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  • Anonymous
      Post count: 93172

      I apologize. I didn’t see your message & I’ve been dealing with a
      situation at work – so haven’t been back on since the 7th or 8th of
      January. I did not mean to ignore your response & don’t even pay
      attention to whether you’ve used your eMail address or not.

      Sorry if I caused any hurt feelings. It was unintentional

      Anonymous
        Post count: 93172

        Whats the deal? I thought I was supposed to drop the poundage with this lovely disease. I have gaines so much weight (at least 20 pounds) and can’t seem to stop gaining. I’m in remission now but even when I was active I still gained. Can anybody offer an explanation???

        Anonymous
          Post count: 93172

          First of all, stop calling yourself Fatso! Bad for the self esteem.

          I didn’t lose any weight either. The one symptom of this disease I might have actually enjoyed! I did have great metabolism, though, because in retrospect I realize I was eating like a horse. But naturally that was the first thing to leave me once I started on medication. Now I am realizing I really need to cut back on my food consumption because I am starting to gain weight. So you’re not alone.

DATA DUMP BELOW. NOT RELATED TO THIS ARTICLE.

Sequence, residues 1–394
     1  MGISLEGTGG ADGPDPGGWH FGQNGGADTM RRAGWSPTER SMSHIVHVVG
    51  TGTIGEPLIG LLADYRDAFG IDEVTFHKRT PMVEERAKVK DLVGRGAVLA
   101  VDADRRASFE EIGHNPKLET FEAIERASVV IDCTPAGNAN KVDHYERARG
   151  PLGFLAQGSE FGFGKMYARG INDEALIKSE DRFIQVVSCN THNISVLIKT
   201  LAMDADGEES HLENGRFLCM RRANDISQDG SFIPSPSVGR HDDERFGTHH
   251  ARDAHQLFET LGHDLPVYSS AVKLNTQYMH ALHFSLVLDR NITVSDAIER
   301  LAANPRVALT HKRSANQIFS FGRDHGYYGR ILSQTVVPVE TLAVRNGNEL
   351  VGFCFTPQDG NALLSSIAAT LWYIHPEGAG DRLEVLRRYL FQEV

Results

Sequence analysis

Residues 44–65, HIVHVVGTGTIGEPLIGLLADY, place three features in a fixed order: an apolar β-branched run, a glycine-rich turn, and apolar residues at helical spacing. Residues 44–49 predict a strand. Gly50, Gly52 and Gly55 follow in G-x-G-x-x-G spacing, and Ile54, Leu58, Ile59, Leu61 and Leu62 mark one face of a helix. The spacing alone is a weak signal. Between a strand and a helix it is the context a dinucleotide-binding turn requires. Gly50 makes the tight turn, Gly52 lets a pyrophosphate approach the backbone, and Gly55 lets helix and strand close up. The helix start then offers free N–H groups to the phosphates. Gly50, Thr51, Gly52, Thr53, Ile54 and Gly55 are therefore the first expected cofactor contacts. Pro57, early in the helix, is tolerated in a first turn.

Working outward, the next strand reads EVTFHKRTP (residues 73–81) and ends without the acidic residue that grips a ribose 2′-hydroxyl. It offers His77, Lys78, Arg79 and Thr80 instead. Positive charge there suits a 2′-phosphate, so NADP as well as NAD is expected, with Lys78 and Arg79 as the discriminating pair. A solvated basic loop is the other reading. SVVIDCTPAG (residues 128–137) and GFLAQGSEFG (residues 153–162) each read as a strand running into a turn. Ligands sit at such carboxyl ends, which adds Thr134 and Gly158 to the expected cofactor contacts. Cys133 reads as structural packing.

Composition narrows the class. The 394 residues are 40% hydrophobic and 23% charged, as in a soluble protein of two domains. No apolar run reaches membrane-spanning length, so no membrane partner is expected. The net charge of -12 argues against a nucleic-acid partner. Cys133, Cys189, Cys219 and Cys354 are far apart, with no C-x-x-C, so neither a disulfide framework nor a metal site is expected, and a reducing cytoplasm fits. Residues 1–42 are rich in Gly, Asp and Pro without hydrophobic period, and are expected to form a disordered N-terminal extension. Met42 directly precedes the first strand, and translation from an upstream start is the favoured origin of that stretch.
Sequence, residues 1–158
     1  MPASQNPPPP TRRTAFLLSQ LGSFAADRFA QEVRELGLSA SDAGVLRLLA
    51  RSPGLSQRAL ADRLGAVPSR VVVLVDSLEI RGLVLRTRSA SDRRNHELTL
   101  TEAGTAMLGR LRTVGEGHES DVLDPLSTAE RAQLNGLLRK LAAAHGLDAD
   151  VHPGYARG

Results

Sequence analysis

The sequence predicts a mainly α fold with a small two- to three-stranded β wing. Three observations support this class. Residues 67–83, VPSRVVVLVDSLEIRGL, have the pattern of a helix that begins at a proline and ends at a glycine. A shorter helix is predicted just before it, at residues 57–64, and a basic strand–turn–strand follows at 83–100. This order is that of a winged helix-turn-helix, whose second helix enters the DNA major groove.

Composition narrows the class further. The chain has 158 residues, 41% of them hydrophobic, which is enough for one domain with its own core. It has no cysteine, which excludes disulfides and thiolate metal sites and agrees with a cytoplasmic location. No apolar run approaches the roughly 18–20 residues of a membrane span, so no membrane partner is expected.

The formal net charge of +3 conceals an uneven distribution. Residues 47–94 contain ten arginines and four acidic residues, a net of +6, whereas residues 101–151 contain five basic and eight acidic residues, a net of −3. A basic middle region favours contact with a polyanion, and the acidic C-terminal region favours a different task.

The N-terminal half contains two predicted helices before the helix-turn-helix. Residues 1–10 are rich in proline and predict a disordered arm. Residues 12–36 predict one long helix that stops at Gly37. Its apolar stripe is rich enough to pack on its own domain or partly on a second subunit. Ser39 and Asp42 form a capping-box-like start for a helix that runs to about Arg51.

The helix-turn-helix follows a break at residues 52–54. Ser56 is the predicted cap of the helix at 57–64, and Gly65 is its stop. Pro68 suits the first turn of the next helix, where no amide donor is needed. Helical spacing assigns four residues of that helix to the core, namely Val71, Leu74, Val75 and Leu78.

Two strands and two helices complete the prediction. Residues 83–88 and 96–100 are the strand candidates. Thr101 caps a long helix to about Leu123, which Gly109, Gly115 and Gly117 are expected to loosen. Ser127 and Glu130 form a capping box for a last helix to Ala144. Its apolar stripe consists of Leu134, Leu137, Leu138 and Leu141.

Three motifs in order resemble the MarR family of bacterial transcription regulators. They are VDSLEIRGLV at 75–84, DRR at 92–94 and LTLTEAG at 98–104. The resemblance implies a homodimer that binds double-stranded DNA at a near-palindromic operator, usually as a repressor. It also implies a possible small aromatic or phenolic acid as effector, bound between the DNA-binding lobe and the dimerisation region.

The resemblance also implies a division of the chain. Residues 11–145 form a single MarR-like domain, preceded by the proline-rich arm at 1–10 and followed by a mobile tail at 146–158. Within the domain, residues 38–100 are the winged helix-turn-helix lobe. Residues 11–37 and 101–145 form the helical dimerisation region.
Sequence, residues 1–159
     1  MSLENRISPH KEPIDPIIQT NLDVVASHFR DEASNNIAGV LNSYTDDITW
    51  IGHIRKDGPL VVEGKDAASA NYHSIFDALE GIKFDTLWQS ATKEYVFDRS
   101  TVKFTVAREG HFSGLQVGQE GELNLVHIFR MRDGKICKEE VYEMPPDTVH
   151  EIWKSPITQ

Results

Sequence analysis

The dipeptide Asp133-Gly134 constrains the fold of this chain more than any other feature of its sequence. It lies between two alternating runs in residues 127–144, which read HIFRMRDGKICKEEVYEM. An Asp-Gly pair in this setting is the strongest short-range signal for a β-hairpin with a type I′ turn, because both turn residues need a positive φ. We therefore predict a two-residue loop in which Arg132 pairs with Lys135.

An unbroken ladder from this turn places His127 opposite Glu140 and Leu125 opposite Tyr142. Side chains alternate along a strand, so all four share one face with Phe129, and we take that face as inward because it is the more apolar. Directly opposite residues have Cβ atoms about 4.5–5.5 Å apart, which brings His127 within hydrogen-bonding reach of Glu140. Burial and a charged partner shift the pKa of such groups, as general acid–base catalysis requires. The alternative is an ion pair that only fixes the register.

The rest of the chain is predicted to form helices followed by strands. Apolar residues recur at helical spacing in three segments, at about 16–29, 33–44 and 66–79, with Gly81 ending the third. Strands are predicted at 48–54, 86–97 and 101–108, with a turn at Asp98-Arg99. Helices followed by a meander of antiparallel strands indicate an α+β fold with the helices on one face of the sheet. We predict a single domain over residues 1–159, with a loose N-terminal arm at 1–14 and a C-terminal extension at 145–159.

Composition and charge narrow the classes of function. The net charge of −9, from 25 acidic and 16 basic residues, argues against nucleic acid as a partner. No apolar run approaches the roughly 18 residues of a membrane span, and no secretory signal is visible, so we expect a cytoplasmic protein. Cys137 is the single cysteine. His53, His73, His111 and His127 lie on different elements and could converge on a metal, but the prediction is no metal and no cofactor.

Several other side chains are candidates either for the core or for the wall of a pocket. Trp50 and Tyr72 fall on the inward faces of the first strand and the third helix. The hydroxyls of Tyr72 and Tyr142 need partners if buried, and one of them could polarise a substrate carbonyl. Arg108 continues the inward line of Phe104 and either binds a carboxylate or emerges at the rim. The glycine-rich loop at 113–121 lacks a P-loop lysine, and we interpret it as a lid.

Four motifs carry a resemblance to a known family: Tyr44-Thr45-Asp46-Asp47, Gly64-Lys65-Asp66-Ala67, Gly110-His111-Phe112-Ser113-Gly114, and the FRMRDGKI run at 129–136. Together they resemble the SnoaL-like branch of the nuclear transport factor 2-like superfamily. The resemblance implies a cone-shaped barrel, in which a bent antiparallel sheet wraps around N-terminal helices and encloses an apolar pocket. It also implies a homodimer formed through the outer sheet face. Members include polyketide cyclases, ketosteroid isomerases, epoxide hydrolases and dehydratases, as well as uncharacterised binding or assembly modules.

Anonymous
            Post count: 93172

            I’m pretty new to GD (diagnosed in Dec.) and on ATDs until I can get up the courage for the RAI. Apparently, my levels are very, very high but I also have not lost any weight. In fact, I’m about 10 pounds heavier than what I like to weigh and have been for about a year. Now, 10 pounds shouldn’t be too hard to lose and I was hoping to lose some weight before RAI, but I don’t seem to be able to…….. From old posts I’ve read, there are a few of us here that have not lost weight with GD.

            Anonymous
              Post count: 93172

              Not everyone loses weight with graves disease. I
              know of several people who gained 20 plus pounds.
              Depends on the person, I guess.

              Anonymous
                Post count: 93172

                Hi all!

                I’ve just finished my second week on PTU. Some things are improving, such as
                my resting heart rate (now consistently in the mid-80’s) and shakiness. The
                biggest challenge has been my complete fatigue, I’ve never needed afternoon
                naps before, and the weight gain. I’m trying my best not to step on a scale,
                but I know that suddenly my clothes are VERY snug. I’m also trying hard to keep
                up a regular workout schedule even though I’m so tired. One obstacle is changing
                my eating habits. Before I had to eat whenever I wasn’t full. Now I can only
                eat when I’m actually hungry. Big change! Is it possible that this is temporary
                bloating? Have others gone through these changes so quickly? I’ll have to wait
                another 3 weeks before my first round of blood tests, but quite obviously,
                something is happening. This is all so confusing and frustrating.

                Thanks to all who listen. I find this board an invaluable source of support!

                Kelly

                Anonymous
                  Post count: 93172

                  Kelly,